Can you imagine your whole life turning upside down at the age of 84? That’s what happened to Alexandre. He moved to Ile St. Jean sometime in the early 1750s. He was living with his daughter Anne and her husband Joseph LeBlanc in 1752 in Port Toulouse. He somehow escaped being Exiled after the fall of Louisbourg in 1758. He had been a royal notary for many years, so he may have still had some political connections on both the French and English sides of the conflict. He was 87 years old at the time. He was 89 years old when he died in 1760 in Richiboucton, New Brunswick, Canada.
In Installment 2, I talked about the Charles Breaux family who was Exiled to Port Tobacco, Maryland, in 1755. Charles died in Port Tobacco sometime around between 1763 and 1765. His wife Claire Trahan made it to Louisiana where she lived a short while. Claire’s mother was Marie Helene Pellerin and she was alive in 1755, but she was living in Ile St. Jean which was still under French rule. She died August 27, 1756, at the age of 87. She was my 7x great grandmother.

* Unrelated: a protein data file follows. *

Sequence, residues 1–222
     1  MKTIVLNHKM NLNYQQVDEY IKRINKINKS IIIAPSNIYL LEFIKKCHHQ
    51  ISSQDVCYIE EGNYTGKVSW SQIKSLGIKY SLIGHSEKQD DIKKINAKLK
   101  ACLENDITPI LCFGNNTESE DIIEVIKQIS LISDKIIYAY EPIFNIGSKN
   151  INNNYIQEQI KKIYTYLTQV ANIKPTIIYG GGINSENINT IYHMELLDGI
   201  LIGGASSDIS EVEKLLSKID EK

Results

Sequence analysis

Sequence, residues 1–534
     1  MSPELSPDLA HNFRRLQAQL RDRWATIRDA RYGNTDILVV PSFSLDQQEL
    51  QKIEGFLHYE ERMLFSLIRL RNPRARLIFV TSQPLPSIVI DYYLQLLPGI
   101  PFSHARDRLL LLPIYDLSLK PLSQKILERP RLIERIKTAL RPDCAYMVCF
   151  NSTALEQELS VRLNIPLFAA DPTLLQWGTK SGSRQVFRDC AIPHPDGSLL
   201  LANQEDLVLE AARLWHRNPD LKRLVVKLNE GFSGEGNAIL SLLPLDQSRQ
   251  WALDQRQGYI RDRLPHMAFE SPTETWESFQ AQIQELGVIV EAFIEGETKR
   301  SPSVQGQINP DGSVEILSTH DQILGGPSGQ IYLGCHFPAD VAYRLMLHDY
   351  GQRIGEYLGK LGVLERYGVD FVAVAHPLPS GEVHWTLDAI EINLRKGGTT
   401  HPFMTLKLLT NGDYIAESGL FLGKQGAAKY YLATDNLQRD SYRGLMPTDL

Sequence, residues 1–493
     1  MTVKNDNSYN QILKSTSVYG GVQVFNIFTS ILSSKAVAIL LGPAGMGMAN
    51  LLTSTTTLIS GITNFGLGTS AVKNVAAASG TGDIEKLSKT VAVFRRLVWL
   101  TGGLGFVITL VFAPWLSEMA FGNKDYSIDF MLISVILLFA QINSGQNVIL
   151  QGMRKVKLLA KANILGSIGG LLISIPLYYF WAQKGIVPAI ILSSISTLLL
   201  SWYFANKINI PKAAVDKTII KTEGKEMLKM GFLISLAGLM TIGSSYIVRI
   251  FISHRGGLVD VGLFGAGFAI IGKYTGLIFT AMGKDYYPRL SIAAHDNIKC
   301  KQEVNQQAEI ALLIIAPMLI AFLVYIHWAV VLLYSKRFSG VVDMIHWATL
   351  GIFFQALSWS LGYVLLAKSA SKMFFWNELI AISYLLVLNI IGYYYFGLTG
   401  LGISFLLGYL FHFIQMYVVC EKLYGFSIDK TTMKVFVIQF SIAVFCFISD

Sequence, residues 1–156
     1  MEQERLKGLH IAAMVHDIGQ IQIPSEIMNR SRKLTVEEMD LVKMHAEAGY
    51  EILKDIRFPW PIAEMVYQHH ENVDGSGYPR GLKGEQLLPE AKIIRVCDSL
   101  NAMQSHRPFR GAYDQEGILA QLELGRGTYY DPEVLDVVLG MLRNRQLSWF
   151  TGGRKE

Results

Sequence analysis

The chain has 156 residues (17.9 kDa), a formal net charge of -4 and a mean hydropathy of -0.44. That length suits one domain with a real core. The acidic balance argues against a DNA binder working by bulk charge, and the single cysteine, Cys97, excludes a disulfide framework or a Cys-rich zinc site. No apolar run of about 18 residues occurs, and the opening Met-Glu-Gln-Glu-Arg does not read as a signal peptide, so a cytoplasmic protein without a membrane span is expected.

In Installment 3, I talked about the Pierre Breaux family. Pierre was the brother of Charles Breaux. Some of his family were also Exiled to Port Tobacco and Pierre died before 1763. In the meantime his son Honore had been deported to Virginia and was sent on to England and France. He eventually married Elizabeth LeBlanc. She was the daughter of Victor LeBlanc and Marie Aucoin. I talked about the tragic deaths of Marie, her parents, and two of her young children by her second husband Gregoire Maillet.